Hide table of contents

Over on my substack, I ask: how might utilitarian-leaning philosophers seek to do more good through their work?

There's recently been some skeptical discussion of the value of utilitarianism here on the forum. Philosophers have long been fascinated by the idea that the view might be self-effacing. But I don't think such a negative verdict is empirically supported. Utilitarians and utilitarian-influenced individuals (from Bentham, Mill, and Singer, to Toby Ord, Will MacAskill, and Sam Bankman-Fried oops that didn't age well...) have demonstrably done immense good -- not least in giving rise to EA itself.  What utilitarian-influenced figures have done comparable harm? (And how many non-utilitarian philosophers have done better?)

Given this track record, I think our credences should strongly favour the view that utilitarianism is a force for good in the world, and that shifting more people in a utilitarian direction would, on current margins, generally be a good thing. (Though, as I note in my linked post, the general public isn't necessarily interested in moral theory, so in many contexts I think it'd make more sense to advocate for a more limited view--such as beneficentrism--rather than for full-blown utilitarianism.)

If this is correct, it's worth asking what utilitarian-leaning philosophers can do, as moral philosophers, to advance utilitarianism as a force for good in the world.  I call this endeavour the beneficence project.

Thinking constructively

My post then steps through four potential branches for such a Beneficence Project:

  • Pure research to better develop and test the details of the utilitarian worldview.
  • Persuasively-oriented research, to better communicate to fellow academics the theory’s virtues and responses to objections.
  • General outreach, to students and the general public.
  • Targeted outreach, to policymakers and policy-adjacent academics (e.g. in the public health community).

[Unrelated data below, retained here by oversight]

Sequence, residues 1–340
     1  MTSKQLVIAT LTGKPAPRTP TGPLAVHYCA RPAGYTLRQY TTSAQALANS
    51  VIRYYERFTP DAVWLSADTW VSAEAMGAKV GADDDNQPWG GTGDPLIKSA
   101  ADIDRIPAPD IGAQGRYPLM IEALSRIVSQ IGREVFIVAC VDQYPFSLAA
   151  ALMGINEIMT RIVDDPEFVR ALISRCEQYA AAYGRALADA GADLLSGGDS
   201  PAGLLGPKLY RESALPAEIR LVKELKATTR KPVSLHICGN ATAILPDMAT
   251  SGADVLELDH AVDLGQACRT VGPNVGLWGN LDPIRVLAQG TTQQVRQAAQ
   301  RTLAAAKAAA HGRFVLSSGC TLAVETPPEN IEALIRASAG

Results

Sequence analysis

Pure research

This will likely be the most intrinsically appealing “cause area” for my fellow philosophers, as it involves doing just what we tend to most enjoy anyway. And I think it is important! I’m a big fan of even the most impractical pure philosophy (so long as it’s genuinely philosophically interesting). But even putting aside the purely intellectual value, I would expect (high quality) pure research in ethics to have significant long-run instrumental value by contributing to our collective understanding of moral (and decision) theory. It’s important to test and develop the best ideas of both utilitarianism and its most promising competitors, to give us a better chance of accurately discerning what’s really important and true.

Persuasively-oriented research

This category isn’t wholly distinct from the first one, but involves some degree of deliberately addressing one’s work to non-utilitarians (in contrast to purely “internal” debates between utilitarians of subtly different stripes). Much of my own work falls under this category. I’m interested in developing the strongest, most broadly persuasive case for a (mostly) utilitarian approach to ethics. Three projects I’m currently most excited about [and will discuss more in future posts on my substack]:

  • A paper developing a ‘New Paradox of Deontology’.
  • A paper arguing that importance, rather than permissibility, should be considered the central concept of normative ethics.
  • My book project on Bleeding Heart Consequentialism, which develops a sympathetic picture of the beneficent agent, to finally put to rest the awful caricature of the “cold and calculating” consequentialist agent.

I’d love to hear from others doing work in this same vein!

The potential instrumental value I see emerging from this sort of work is greater sympathy for (broadly) utilitarian ethics within the academy, which is important because an academic consensus has a tendency to eventually “trickle down” to society at large (both through the teaching of undergraduates / professional masters students, and via quotes in the media or other “public philosophy” contributions from our academic colleagues).